Forget revenue and profits, India’s largest e-commerce firms seem to believe the height of Dubai’s Burj Khalifa is a fair metric to measure their performance.
At the end of their annual flagship festive season sales, the online retailers, notorious for their window-dressing metrics like gross merchandise value (GMV) and net promoter scores, measured their success in buildings and mountains.
For example, here’s what Amazon India said about its five-day sale that ended on Oct. 15:
If all the Lego Bricks bought from Amazon India during Great Indian Festival were stacked, the tower so formed would be taller than Burj Khalifa.
Length of mobile cables sold (was) 100x the height of Burj Khalifa.
But the absurd comparisons didn’t end there. Mount Everest, aircraft, and elephants—they used them all:
“It is a competitive market and both (Flipkart and Amazon) want to talk about how they are the leaders and in the absence of data use other ways mentioned as surrogates,” said Harish HV, an independent consultant who tracks India’s startup sector. “It is part of brand building and to tell the market and customers that we are bigger and better and hence you should buy from us.”
The problem, though, is that such fantastical data does not convey much about how a company actually fared.
Take, for example, this measure of success shared by Flipkart: “five shoes sold per second” during BBD.
Though impressive at first glance, it says little about how much money Flipkart made, because online marketplaces pocket only a small cut—sometimes not even that—on such sales.
Similarly, when Amazon says a particular product sold five times more than it did during last year’s sale, there is ambiguity. Though experts say these companies deal with fairly large bases, nobody knows exactly how big a jump it is unless the company shares the previous year’s absolute numbers.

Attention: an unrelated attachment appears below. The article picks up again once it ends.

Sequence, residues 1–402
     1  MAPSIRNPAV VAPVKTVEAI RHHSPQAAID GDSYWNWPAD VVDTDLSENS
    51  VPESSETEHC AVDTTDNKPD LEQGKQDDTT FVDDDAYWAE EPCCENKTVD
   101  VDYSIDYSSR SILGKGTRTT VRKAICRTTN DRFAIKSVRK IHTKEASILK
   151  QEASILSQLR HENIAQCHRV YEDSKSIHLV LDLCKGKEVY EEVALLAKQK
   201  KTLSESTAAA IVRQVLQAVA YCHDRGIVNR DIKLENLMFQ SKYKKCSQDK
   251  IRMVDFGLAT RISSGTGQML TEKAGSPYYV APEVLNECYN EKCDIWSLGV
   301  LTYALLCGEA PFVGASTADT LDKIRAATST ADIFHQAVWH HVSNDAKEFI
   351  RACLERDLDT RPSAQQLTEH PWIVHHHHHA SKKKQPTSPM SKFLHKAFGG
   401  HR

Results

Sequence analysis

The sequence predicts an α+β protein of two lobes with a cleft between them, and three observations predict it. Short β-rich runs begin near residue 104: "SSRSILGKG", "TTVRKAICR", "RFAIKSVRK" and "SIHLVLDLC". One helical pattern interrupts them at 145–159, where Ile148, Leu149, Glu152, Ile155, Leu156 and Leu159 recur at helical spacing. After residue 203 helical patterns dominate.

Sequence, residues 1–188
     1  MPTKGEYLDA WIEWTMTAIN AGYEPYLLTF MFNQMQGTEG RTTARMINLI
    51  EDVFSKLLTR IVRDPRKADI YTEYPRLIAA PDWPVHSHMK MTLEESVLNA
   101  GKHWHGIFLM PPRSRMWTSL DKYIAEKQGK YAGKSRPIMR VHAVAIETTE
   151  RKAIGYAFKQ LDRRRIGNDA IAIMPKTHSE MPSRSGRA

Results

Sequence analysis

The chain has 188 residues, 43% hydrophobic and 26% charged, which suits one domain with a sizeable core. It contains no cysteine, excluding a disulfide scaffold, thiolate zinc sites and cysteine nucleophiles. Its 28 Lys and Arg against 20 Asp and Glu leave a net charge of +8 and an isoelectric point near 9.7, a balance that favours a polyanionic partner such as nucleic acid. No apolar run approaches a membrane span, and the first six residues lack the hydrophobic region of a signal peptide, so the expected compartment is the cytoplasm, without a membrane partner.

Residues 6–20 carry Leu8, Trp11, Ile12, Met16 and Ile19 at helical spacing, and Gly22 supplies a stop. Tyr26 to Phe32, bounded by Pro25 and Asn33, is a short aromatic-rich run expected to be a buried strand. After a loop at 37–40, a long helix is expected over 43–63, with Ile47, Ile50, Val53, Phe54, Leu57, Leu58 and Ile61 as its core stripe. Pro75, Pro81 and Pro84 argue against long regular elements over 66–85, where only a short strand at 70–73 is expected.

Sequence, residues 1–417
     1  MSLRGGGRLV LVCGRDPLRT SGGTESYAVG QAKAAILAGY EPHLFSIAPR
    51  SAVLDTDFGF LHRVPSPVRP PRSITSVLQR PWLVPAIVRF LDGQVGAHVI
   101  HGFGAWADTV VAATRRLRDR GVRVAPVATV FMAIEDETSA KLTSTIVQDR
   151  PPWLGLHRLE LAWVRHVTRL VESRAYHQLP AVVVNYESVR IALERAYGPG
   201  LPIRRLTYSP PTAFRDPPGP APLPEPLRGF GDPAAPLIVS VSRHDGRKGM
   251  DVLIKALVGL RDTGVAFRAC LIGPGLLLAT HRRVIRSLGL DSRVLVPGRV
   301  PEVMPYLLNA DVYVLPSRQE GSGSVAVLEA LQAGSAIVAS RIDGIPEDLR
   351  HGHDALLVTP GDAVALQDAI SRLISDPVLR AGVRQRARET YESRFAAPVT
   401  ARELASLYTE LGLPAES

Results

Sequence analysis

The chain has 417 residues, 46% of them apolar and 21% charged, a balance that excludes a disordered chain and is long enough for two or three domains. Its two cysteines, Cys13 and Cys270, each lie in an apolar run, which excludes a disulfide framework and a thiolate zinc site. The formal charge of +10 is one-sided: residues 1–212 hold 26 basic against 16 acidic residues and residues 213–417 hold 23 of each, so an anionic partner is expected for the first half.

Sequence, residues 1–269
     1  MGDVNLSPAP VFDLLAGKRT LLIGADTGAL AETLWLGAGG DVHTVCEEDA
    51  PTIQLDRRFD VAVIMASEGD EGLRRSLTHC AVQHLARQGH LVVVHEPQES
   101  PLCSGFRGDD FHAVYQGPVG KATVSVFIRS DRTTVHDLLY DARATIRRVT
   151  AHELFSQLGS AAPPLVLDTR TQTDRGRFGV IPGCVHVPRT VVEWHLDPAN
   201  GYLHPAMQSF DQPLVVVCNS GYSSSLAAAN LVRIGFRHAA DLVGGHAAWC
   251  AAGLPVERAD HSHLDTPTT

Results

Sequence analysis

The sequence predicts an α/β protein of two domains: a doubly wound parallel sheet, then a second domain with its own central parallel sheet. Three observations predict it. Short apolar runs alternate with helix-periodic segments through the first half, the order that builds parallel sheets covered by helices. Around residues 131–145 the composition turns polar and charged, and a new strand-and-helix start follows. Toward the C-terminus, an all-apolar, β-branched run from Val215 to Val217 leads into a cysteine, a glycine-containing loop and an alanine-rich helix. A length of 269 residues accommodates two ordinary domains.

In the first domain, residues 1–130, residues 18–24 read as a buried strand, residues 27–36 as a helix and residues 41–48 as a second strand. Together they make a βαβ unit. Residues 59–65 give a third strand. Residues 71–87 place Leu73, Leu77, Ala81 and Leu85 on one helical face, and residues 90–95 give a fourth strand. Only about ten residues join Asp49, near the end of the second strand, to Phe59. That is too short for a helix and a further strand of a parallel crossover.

Also, these figures don’t account for the onslaught of product returns that follow the shopping frenzy.
“Organisations often use various metrics to define success and marketers use interesting comparisons like the ones used by Flipkart to communicate the effectiveness of campaigns,” said Sanchit Vir Gogia, chief analyst and CEO at Greyhound Research. “Soft metrics work well to communicate to consumers at large but investors and the street always need hard metrics to measure the success of a company.”
In the meantime, requests to get access to some hard financial figures are mostly met with standard responses: Flipkart is a privately held company and thus not obliged to share financials publicly, and Amazon does not split its numbers for India separately.
E-commerce is no longer a nascent business in India.
Flipkart, India’s largest homegrown e-commerce portal, has been around for over a decade. And Amazon forayed in five years ago.
The two rivals have their coffers full. In May this year, Bengaluru-based Flipkart got an $18 billion funding push after the world’s largest retailer, Walmart, acquired it. Amazon.in has a strong backing from its Seattle-based parent, which has repeatedly pumped billions of dollars into its Indian arm.
But while stacks of items they sell can shame the Everest, the companies continue to bleed.
“These players have created a World Cup of their own and these figures are a way of one-upmanship. But if you give deep discounts, you will sell. The question is when is all of this going to end and when eventually are these companies going to start at least moving towards profitability?” said Ankur Nigam, partner at KPMG. “With all this ‘I can stack my refrigerators up to the moon’ talk, they should also share what loss they’re making during this season or what losses they’re cutting.”